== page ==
Tag Archives: Japan threshold nuclear weapon state

No Matter What they Say-Nobody Likes Nuclear Waste

The first stage of the process has been under way since November 2020 for the town of Suttsu and the village of Kamoenai assessing two municipalities in Hokkaido for their suitability to host a final disposal facility for high-level radioactive waste from nuclear power plants.  Under the government’s plan, the first-stage surveys take two years and will be followed by the second phase… which will include geophysical exploration, geological reconnaissance surveys and drilling surveys. Already stories about divisions and conflict over the surveys are emerging from the local communities.

The mayoral election of Suttsu in October 2021, for example, turned into a bitter and divisive political battle over the issue between the incumbent who decided to apply for the first-phase survey and a challenger who ran on opposition to the project. Some of the neighboring municipalities have enacted an ordinance to ban the entry of radioactive materials. Both the Hokkaido prefectural government and most of the local administrations around the two municipalities have declined to accept state subsidies related to the surveys. These actions have been driven by the fear that accepting the surveys will set in motion an unstoppable process leading to a permanent repository for nuclear waste.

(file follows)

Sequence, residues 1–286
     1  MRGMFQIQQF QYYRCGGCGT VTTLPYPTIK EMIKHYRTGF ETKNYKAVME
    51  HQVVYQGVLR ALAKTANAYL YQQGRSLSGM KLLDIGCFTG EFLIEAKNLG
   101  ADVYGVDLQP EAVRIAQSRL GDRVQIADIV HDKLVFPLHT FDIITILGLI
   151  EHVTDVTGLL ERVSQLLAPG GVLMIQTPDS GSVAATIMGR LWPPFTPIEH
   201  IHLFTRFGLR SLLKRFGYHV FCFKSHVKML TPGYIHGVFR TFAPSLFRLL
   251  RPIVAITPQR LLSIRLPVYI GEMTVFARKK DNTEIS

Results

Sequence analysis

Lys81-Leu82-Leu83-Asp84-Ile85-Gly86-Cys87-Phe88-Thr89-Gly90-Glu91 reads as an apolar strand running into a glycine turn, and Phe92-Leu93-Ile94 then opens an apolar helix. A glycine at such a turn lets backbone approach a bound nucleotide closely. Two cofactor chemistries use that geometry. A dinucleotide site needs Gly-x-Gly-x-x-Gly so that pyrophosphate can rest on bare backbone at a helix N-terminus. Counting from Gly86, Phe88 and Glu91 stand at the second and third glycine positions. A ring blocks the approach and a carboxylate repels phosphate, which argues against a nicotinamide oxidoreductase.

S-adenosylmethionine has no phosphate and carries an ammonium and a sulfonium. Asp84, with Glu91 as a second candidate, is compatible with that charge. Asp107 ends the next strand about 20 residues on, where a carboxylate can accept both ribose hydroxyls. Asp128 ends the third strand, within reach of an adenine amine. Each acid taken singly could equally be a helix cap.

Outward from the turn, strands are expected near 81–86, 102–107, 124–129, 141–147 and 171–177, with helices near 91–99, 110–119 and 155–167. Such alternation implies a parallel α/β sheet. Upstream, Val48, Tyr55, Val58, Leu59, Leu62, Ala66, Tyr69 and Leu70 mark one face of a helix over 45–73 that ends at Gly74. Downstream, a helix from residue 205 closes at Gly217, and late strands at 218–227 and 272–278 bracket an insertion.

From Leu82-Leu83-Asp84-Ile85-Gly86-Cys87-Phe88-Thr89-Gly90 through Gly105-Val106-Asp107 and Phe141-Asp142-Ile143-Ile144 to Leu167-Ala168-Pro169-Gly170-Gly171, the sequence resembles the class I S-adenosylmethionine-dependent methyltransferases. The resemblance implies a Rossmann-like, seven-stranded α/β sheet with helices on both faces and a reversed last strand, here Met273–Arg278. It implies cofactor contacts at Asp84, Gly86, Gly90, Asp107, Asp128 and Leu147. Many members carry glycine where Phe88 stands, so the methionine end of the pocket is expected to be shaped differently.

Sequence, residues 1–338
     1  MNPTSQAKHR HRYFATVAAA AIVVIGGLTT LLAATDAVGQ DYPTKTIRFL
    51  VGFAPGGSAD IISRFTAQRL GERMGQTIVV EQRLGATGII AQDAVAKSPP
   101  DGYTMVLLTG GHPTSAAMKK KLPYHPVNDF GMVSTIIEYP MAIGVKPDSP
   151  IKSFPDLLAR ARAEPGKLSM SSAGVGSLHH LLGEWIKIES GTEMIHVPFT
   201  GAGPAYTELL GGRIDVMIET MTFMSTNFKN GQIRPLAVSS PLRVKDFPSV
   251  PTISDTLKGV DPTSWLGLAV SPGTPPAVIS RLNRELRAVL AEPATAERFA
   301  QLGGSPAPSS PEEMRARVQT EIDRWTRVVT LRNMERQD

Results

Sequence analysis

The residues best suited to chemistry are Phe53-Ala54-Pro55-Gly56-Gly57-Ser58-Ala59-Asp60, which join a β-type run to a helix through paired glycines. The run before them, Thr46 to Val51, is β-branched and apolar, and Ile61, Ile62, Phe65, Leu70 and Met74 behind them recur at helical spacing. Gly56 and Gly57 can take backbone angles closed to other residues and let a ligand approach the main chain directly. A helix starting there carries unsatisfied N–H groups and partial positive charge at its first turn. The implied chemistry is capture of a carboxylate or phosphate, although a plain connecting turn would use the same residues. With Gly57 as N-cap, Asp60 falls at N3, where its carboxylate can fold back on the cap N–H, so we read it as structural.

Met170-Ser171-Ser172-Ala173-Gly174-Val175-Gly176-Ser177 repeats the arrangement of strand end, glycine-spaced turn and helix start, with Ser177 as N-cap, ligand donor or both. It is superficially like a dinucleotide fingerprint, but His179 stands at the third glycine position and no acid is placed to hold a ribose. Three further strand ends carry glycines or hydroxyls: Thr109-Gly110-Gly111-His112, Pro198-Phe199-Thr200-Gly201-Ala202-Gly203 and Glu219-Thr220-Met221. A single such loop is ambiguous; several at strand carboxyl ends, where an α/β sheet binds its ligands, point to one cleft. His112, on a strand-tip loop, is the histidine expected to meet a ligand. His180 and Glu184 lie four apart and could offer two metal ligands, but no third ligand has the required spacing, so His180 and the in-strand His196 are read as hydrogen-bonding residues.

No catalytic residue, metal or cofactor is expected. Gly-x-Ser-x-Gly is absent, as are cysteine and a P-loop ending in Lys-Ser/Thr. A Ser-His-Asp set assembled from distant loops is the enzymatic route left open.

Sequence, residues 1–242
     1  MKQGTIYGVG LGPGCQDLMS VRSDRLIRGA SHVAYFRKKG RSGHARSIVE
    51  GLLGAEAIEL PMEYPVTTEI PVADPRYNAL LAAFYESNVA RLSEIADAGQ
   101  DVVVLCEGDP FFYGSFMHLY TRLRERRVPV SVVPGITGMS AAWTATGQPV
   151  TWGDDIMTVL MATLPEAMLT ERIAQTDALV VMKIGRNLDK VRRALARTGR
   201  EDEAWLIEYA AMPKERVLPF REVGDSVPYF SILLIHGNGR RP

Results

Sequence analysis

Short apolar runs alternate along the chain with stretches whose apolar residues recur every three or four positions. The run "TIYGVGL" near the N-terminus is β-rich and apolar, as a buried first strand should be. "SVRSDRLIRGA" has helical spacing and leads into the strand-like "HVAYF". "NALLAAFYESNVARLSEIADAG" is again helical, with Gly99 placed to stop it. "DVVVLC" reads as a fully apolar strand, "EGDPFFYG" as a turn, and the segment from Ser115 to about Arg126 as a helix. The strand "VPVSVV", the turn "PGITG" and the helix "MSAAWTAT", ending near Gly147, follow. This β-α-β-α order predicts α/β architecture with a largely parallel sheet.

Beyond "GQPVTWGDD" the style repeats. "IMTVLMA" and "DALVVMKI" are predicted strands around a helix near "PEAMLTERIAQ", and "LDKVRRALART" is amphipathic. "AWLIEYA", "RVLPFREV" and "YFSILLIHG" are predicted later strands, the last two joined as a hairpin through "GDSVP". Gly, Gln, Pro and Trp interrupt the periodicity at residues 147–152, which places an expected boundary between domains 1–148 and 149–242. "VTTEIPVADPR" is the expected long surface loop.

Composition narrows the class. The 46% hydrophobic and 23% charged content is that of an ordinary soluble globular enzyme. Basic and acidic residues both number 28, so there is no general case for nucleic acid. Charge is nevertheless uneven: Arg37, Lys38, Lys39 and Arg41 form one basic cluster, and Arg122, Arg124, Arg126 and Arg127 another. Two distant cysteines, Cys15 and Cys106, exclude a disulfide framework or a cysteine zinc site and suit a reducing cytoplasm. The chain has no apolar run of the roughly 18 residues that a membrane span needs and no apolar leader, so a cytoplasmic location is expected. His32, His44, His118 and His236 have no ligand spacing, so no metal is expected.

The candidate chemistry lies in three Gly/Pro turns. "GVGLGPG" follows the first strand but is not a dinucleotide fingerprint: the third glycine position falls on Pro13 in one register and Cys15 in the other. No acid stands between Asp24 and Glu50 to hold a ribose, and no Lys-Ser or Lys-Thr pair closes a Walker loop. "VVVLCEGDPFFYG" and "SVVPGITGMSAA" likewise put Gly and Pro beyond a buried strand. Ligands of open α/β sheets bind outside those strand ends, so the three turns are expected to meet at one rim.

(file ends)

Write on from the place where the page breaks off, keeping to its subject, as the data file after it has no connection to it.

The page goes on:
The NUMO (Nuclear Waste Management Organization of Japan) and the METI (Ministry of Economy, Trade and Industry)  have jointly held more than 100 meetings to explain the plan to local communities across the nation. Even though they have continued calling for localities to volunteer, no local governments except for the two in Hokkaido have responded.

Excerpts from Entire nation should share in disposal of spent nuke fuel, Asahi Shimbun, Nov. 22, 2021

Revival of Nuclear Industry – Japan

Japan prepares to  reopen Shikoku Electric Power’s Ikata nuclear plant, nestled next to Japan’s inland sea at the base of the verdant Sadamisaki peninsula. Nearly eight years after an earthquake and tsunami triggered nuclear meltdowns at Tokyo Electric Power’s Fukushima Daiichi plant, the battered industry is making a quiet and somewhat unexpected return in Japan.

Ikata is a poster child for that recovery. In September 2018, a court reversed a decision that had idled Shikoku Electric’s sole nuclear reactor for about a year, paving the way for the operator to re-open the facility last week.  Regional utilities like Shikoku Electric have aggressively fought a string of lawsuits since 2011, hiring veteran lawyers to beef up their legal teams. At the same time, they wooed towns where nuclear plants are based, visiting with residents door to door while the government kept up a stream of generous subsidies for local projects.

Thanks in large part to this strategy, Japan is on track to have nine reactors running in the near future…That is a far cry from the 54 running before 2011 – all of which were idled after the Fukushima disaster – but more than analysts and experts expected, considering it seemed at the time like the end of the road for the country’s nuclear industry…

The quiet revival of Japan’s nuclear industry is most tangible in rural areas like Ikata, which are home to the bulk of the country’s nuclear plants…The town, with 9,500 residents, relies on nuclear power for a third of its annual revenue. Since 1974, Ikata has received more than 101.7 billion yen ($908.4 million) in such payments.  These funds literally built the town; Ikata’s roads, schools, hospitals, fire stations and even five traditional “taiko” drums for festivals were all paid for with subsidies.  The town and utility’s mutual dependence stretch back decades.

Excerpts from  Mari Saito, Treading carefully, Japan’s nuclear industry makes a comeback, Reuters, Nov. 1, 2018